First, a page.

They call it the Egyptian Lighthouse and it stands strong at the Venetian harbor of Chania, safeguarding the town since the XVIth century. This stone silhouette had once a different shape.
When Crete was a colony of the Republic of Venice, after the Venetian conquest in 1205–1212, the rulers of the land decided to fortify their cities, erecting fortified structures all over the island. Between 1320 and 1356 and shaped the port and continued working on it for hundreds of years. Sometimes during this period, they erected the first lighthouse.
But, after the Fifth Ottoman–Venetian War – also known as the Cretan War (1645–1669) – when Crete was under Turkish occupation, the lighthouse was no longer used and decayed considerably.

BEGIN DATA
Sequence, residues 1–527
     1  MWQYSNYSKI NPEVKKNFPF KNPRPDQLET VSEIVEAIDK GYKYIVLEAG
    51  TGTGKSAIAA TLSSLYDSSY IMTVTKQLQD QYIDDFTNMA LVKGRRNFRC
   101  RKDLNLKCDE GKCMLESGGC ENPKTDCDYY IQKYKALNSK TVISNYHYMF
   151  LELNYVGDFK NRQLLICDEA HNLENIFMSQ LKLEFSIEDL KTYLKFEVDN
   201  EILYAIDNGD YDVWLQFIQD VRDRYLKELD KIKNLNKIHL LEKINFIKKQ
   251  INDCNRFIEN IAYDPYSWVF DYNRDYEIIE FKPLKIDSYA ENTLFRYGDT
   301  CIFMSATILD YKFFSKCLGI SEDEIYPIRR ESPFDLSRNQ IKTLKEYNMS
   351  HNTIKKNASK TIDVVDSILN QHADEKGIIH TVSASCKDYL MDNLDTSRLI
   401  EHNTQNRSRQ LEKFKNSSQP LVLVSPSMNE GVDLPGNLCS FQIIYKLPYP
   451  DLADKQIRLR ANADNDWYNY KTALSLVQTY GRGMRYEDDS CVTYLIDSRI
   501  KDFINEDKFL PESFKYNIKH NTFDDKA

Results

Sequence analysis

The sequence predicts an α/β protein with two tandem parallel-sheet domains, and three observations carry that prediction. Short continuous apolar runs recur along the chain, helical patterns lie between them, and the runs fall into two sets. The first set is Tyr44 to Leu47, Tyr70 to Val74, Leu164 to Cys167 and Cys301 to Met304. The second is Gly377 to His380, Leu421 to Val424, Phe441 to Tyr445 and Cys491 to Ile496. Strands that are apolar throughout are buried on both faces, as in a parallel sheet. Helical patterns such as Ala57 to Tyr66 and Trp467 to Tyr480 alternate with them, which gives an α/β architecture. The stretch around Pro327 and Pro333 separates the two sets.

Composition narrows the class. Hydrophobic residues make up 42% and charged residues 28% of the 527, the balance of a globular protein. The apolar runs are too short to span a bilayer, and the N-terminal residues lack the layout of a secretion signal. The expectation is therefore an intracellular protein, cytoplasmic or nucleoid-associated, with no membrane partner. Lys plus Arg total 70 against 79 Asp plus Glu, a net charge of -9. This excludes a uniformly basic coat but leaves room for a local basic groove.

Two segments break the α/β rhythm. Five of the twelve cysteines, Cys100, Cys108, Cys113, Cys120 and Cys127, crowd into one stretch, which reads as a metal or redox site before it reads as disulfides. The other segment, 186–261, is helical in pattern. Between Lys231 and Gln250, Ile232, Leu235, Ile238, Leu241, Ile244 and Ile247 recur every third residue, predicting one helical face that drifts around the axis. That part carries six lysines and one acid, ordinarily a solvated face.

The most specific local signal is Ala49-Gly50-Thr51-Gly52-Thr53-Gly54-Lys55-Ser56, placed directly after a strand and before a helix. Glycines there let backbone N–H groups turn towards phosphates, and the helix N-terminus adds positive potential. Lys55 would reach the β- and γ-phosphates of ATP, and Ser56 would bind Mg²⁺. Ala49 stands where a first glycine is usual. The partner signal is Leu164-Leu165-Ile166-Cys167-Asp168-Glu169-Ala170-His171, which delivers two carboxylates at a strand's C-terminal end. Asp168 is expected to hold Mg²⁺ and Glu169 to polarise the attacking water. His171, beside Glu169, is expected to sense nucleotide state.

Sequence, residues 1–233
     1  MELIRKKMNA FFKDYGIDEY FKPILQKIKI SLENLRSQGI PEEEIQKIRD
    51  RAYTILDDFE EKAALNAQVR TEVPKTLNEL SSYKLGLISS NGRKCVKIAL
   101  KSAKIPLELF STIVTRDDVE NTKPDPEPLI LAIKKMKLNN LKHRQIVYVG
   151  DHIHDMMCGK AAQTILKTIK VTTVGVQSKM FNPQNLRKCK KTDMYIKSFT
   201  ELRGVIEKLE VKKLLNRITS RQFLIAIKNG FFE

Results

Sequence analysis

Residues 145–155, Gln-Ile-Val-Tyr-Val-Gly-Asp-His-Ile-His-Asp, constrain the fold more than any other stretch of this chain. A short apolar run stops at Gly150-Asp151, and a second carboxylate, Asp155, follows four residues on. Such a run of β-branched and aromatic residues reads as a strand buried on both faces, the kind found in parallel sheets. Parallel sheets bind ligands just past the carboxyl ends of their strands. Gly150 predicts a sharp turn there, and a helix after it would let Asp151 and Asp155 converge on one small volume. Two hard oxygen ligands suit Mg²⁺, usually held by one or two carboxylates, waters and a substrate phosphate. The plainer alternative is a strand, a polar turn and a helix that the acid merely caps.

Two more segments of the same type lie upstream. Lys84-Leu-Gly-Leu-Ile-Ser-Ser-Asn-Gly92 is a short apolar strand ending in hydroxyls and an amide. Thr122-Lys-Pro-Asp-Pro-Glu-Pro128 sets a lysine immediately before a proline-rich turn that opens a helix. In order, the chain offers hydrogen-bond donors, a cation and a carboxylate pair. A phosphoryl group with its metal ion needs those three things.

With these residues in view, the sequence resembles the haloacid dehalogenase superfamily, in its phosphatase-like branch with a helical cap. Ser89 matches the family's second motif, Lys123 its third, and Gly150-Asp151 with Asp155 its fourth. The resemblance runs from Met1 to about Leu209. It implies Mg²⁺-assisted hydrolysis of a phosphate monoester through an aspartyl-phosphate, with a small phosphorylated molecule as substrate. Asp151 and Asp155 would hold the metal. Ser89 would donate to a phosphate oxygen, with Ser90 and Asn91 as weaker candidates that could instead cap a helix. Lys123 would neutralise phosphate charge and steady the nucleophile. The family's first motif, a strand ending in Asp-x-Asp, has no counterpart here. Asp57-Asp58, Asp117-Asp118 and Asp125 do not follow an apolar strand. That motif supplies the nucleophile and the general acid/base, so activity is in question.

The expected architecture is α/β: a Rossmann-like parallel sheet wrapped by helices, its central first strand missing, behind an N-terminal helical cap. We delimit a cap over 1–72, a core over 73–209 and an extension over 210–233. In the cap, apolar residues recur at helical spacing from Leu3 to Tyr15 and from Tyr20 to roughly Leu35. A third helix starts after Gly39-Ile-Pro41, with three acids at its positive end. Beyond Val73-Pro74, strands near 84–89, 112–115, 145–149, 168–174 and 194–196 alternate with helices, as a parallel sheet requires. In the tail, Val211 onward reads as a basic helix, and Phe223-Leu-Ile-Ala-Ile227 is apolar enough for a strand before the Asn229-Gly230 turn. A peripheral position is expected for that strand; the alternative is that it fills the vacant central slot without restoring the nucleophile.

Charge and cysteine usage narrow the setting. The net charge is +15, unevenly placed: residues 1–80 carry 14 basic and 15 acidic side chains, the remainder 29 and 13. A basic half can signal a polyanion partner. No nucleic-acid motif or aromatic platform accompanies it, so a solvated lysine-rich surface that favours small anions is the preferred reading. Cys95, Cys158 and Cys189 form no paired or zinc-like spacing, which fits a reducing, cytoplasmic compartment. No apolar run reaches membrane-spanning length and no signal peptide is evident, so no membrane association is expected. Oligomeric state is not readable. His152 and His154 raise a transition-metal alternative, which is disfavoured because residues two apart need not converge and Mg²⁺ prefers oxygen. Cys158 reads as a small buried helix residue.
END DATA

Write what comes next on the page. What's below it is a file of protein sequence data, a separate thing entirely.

By 1830, when England handed Crete over to Egypt, the lighthouse was ruined. The Egyptians, however, took over the harbor and rebuilt the structure on the original base (1838), giving it the minaret shape you see today.
Further wars and earthquakes damaged the new construction too, and by 2005 the monument needed extensive renovation works. Today, as it stands above the sea, the lighthouse has a height of 21 meters, and its light reaches a distance of seven miles.
It is closed to the public but it is still worth it for travelers to along the waterfront to it to see the fantastic views and for unique photo opportunities. The monument is a beautiful backdrop for wedding photography. If you follow the local news, however, you could get lucky and find out when the Greek lighthouses open their doors to visitors. This year, the Egyptian Lighthouse of Chania was open to the public on Sunday, August 18.
The Egyptian Lighthouse is one of the most photographed attractions of Chania and Crete in general.